The 13 officials are as follows: Secretary of State Henry Kissinger (1975); Secretary of Commerce Rogers C. B. Morton (1975); Secretary of Health, Education, and Welfare Joseph A Califano, Jr. (1978); Secretary of Energy Charles Duncan (1980); Secretary of Energy James B. Edwards (1981); Secretary of the Interior James Watt (1982); EPA Administrator Anne Gorsuch Burford (1983); Attorney General William French Smith (1983); White House Counsel John M. Quinn (1996); Attorney General Janet Reno (1998); White House Counsel Harriet Miers (2008); White House Chief of Staff Joshua Bolton (2008); and Attorney General Eric Holder (2012). Additionally, Lois Lerner, former director of the Exempt Organizations unit in the Internal Revenue Service (IRS), was held in contempt in 2014.


See Prosecution for the Contempt of Congress of an Executive Branch Official Who Has Asserted a Claim of Executive Privilege, 8 Op. Off. Legal Counsel 101 (1984).


Letter from James M. Cole, Deputy Attorney General, to John Boehner, Speaker of the House, June 28, 2012 available at


Ethics in Government Act of 1978, P.L. 95-521, §§703, 705, 92 Stat. 1877-80 (1978) (codified as amended at 2 U.S.C. §§288b(b) 288d, and 28 U.S.C. §1365 (2012)).


28 U.S.C. §1365.




Id. at 4.


For more information on the Speech or Debate Clause, see CRS Report R42648, The Speech or Debate Clause: Constitutional Background and Recent Developments, by [author name scrubbed] and [author name scrubbed].


S.Rept. 95-170, 95th Cong., 1st Sess., 94 (1977).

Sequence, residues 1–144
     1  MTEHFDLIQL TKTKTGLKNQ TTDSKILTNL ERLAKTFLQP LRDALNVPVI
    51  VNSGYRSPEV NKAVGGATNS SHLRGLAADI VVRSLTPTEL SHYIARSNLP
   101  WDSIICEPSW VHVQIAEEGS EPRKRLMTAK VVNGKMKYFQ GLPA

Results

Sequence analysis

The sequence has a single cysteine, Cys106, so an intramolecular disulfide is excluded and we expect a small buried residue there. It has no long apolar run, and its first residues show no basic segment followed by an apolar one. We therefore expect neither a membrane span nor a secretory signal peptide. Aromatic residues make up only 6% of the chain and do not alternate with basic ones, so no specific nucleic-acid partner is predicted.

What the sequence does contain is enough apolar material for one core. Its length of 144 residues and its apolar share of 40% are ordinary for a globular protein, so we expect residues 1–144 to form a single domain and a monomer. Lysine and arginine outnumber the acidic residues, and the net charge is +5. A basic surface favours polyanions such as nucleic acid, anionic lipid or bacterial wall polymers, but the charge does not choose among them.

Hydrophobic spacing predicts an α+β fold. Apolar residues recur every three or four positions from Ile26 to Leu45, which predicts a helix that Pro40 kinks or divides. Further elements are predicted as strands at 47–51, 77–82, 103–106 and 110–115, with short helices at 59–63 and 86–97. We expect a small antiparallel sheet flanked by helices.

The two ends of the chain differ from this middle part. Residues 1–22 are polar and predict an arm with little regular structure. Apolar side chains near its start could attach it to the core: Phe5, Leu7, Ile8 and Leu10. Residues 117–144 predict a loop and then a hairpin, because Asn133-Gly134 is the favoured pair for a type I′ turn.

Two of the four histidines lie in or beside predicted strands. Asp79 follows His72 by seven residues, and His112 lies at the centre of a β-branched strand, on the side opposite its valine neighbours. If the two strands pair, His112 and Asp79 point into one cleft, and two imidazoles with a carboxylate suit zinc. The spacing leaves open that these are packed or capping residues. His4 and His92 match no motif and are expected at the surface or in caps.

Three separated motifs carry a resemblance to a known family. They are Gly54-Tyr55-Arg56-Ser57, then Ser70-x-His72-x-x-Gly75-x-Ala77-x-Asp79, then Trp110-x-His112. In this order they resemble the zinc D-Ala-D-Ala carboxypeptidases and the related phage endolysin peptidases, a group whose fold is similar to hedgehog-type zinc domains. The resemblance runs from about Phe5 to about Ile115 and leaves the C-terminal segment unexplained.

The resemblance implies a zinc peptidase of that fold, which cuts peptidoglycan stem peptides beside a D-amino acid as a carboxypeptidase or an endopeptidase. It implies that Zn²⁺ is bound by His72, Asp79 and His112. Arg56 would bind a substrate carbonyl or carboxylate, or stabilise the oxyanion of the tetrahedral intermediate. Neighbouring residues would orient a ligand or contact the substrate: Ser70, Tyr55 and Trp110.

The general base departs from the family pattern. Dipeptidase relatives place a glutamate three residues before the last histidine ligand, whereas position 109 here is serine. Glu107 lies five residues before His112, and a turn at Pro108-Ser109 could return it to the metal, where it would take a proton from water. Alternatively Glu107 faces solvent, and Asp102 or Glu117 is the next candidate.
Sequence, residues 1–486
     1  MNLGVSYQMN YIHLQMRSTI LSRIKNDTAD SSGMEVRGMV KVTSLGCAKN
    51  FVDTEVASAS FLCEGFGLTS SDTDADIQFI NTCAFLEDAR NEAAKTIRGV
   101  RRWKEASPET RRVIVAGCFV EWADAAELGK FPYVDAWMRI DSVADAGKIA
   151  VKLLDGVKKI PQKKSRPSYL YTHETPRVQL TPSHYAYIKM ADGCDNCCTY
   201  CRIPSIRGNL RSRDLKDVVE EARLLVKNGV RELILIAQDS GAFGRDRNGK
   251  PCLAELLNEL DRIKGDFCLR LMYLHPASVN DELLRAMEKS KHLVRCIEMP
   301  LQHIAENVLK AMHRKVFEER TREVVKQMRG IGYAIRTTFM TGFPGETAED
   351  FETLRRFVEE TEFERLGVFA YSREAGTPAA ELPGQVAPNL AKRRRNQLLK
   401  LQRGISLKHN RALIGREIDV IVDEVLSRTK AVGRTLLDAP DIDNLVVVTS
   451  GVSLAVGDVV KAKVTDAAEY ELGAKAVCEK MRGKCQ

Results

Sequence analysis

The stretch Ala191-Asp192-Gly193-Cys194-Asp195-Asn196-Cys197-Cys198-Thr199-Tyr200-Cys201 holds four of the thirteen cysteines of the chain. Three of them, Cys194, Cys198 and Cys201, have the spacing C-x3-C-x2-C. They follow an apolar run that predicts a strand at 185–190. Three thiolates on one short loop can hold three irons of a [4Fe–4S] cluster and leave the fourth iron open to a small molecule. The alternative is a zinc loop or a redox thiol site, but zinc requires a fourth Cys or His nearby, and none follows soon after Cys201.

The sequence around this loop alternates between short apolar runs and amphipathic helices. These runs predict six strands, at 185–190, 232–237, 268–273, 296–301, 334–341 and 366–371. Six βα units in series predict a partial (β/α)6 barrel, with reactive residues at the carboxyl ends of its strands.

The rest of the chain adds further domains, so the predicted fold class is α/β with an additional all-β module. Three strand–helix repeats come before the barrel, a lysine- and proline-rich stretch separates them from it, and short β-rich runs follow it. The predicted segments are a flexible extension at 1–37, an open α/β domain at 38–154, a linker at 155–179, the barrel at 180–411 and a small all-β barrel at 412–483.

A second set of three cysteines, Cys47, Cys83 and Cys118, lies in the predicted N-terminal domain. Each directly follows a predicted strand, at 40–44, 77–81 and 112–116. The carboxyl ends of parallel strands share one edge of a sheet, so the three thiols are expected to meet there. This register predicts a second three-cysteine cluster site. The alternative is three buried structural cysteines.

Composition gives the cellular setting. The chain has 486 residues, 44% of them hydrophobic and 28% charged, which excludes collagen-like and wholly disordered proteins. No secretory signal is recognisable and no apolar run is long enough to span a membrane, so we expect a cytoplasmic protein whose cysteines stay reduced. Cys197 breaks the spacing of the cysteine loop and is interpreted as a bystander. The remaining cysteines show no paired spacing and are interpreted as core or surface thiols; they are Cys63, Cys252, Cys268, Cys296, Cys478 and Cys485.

The act specifies that "an action, contempt proceeding, or sanction.... shall not abate upon adjournment sine die by the Senate at the end of a Congress if the Senate or the committee or subcommittee ... certifies to the court that it maintains its interest in securing the documents, answers, or testimony during such adjournment." 28 U.S.C. §1365(b) (2012). In the first case brought under the new procedure, the witness unsuccessfully argued that the possibility of "indefinite incarceration" violated the due process and equal protection provisions of the Constitution, and allowed for cruel and unusual punishment. Application of the U.S. Senate Permanent Subcommittee on Investigations, 655 F.2d 1232 (D.C. Cir.), cert. denied, 454 U.S. 1084 (1981).


See CRS Report RL34097, Congress's Contempt Power and the Enforcement of Congressional Subpoenas: Law, History, Practice, and Procedure, by [author name scrubbed] and [author name scrubbed], Table A-3 (Floor Votes on Civil Enforcement Resolutions in the Senate, 1980-Present).


See generally Committee on Judiciary, U.S. House of Representatives v. Miers, 558 F. Supp. 2d 53 (D.D.C. 2008); Committee on Oversight and Government Reform, U.S. House of Representatives v. Holder, 973 F. Supp. 2d 1 (D.D.C. 2013).


18 U.S.C. §1621(a).


Christoffel v. United States, 338 U.S. 84, 90 (1949).


House Rule XI(2)(h)(2).


Senate Rule XXVI(7)(a)(2) allows its committees to set a quorum requirement at less than the normal one-third for taking sworn testimony. Almost all Senate committees have set the quorum requirement at one member.


Christoffel, 338 U.S. at 90.


Perjury requires that the false statement be made under "an oath authorized by law" and before a "competent tribunal." Unless expressly authorized to take a deposition under oath, conversations with committee staff generally do not fall within the scope of the perjury statute. See, e.g., United States v. Weissman, 1996 U.S. Dist. LEXIS 19125 (S.D.N.Y. 1996).


18 U.S.C §1001 (2006).


Barenblatt v. United States, 360 U.S. 109, 112 (1959).


For example, the Sixth amendment right of a criminal defendant to cross-examine witnesses and to call witnesses in his behalf has been held not applicable to a congressional hearing. United States v. Fort, 443 F.2d 670 (D.C. Cir. 1970), cert. denied, 403 U.S. 932 (1971).


Watkins v. United States, 354 U.S. 178, 197 (1957).


360 U.S. 109, 126 (1959).